Jen White. Survival Strategies of the Almost Brave. Farrar, Straus and Giroux/Macmillan.
“After their mother’s recent death, twelve-year-old Liberty and her eight-year-old sister, Billie, are sent to live with their father, who they haven’t seen since they were very young. Things are great at first; the girls are so excited to get to know their father – a traveling photographer who rides around in an RV. But soon, the pressure becomes too much for him, and he abandons them at the Jiffy Company Gas Station. Instead of moping around and being scared, Liberty takes matters into her own hands. On their journey to get home, they encounter a shady, bald-headed gas station attendant, a full-body tattooed trucker, free Continental breakfast, a kid obsessed with Star Wars, a woman who lives with rats, and a host of other situations. When all seems lost, they get some help from an unlikely source, and end up learning that sometimes you have to get a little bit lost to be found.”
Jen White has a degree in English teaching and also earned her MFA from Vermont College of Fine Arts in writing for children and young adults. Survival Strategies of the Almost Brave is her debut novel and was born from the real experience of Jen being accidentally forgotten at a gas station with her younger sister and cousin. Jen currently tries not to boss around her five children and husband in San Clemente, California.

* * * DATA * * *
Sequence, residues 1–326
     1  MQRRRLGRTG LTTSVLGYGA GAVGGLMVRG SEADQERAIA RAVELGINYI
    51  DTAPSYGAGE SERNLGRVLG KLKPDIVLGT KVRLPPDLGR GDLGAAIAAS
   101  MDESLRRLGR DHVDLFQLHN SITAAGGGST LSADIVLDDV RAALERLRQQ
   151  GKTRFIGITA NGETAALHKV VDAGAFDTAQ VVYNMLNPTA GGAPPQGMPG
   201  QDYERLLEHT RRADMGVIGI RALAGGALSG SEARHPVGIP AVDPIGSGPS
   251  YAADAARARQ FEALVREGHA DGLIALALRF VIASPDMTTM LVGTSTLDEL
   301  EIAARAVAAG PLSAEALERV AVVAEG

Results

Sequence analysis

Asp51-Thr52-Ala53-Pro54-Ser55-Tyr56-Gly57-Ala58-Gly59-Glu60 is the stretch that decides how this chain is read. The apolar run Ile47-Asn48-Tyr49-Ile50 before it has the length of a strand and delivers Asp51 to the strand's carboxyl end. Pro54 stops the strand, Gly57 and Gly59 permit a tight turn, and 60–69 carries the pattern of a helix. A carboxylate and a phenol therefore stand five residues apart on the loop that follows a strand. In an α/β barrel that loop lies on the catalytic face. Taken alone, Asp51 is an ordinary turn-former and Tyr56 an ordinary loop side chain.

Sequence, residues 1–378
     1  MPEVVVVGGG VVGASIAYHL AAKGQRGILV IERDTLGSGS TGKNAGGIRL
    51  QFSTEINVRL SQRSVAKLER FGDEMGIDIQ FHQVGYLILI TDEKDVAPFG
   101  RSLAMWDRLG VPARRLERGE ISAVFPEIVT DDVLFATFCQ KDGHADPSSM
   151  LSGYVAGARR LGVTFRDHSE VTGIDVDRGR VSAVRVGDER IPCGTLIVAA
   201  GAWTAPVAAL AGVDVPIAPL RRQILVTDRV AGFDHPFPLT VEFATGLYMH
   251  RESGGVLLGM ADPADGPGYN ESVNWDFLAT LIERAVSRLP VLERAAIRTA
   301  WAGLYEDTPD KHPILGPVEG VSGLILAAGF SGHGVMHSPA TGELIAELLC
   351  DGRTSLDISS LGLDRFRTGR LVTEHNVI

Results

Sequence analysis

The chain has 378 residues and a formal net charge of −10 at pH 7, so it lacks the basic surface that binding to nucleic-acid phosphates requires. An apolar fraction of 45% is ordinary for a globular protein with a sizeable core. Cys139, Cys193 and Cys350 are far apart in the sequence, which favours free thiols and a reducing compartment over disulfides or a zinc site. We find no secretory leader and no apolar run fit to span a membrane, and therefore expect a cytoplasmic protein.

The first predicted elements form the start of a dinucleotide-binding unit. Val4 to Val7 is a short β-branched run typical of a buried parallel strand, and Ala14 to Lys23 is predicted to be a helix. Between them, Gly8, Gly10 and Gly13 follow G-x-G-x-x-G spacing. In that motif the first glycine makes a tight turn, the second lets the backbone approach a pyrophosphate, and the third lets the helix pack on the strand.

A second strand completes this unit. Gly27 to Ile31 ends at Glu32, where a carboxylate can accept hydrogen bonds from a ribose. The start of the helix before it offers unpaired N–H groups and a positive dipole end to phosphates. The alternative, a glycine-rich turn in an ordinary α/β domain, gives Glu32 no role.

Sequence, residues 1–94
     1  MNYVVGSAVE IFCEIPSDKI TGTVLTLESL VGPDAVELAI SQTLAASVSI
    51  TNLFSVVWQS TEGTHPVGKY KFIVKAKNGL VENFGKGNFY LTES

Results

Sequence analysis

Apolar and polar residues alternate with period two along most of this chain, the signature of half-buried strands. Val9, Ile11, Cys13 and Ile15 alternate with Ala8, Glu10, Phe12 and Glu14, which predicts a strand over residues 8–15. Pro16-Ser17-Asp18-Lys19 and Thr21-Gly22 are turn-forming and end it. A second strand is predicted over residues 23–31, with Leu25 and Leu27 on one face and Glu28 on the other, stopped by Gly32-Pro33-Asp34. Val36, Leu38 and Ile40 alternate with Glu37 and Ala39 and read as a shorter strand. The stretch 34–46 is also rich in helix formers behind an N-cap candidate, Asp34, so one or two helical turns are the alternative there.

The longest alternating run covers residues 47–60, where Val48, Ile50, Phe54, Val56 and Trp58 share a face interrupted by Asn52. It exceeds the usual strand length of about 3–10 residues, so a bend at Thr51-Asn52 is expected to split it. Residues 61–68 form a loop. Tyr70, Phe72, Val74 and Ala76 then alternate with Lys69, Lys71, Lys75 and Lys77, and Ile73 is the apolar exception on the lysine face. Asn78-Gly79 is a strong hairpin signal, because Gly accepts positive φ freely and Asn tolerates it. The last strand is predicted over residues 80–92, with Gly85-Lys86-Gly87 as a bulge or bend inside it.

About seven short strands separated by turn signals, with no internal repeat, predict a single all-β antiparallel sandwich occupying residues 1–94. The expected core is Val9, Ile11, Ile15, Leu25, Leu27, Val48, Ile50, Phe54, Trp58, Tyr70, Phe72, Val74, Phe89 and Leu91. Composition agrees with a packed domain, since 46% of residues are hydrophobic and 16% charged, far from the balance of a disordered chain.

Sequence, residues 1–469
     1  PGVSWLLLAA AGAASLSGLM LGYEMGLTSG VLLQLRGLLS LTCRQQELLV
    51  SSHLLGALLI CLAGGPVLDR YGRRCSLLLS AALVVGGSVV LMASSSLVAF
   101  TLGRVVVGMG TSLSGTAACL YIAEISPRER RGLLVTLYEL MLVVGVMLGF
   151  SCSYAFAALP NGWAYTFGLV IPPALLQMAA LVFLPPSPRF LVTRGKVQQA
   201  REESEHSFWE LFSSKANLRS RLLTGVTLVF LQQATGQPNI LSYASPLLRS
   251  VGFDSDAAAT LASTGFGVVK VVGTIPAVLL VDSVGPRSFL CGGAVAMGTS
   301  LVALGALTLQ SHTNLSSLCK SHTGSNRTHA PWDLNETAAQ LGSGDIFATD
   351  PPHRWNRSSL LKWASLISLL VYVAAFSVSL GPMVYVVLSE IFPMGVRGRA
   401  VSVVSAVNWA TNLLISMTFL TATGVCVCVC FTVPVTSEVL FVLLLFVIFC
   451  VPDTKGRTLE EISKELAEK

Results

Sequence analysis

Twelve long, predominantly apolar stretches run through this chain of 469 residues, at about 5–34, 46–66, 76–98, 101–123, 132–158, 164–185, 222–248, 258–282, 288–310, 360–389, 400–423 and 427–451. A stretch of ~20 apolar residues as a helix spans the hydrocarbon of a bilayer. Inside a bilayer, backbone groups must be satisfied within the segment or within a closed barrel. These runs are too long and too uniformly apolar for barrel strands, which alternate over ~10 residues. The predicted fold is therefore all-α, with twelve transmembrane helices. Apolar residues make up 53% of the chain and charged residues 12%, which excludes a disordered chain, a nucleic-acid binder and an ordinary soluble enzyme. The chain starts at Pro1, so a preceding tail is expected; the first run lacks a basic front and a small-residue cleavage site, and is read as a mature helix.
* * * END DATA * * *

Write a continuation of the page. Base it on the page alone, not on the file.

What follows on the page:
About the Awards
The AML Awards have been presented annually since 1977. You can see the list of past awards here. Besides the main categories, there are also the Smith–Pettit Foundation Award for Outstanding Contribution to Mormon Letters and the Lifetime Achievement Award.
I am the Awards Committee chair this year, which means I picked the judges, a mixture of authors, scholars, and reviewers, who at least during the judging process remain anonymous. The judges and I worked together to come up with long lists of potential finalists, but I am not involved in any of the decisions on finalists and winners. Works “by, for, or about Mormons” were considered. Authors/creators who are non-Mormon or ex-Mormon are considered if their works deal with Mormonism. Many of the judges created their own panel of assistant judges who shifted through the many applicable works. Then the judges and their panels chose the finalists. Those same judges/panels will pick the final awards this month.
There was previously an established AML practice that an author/creator could not be awarded in the same category two years in a row. That practice was discontinued this year.
Congratulations to all of the finalists!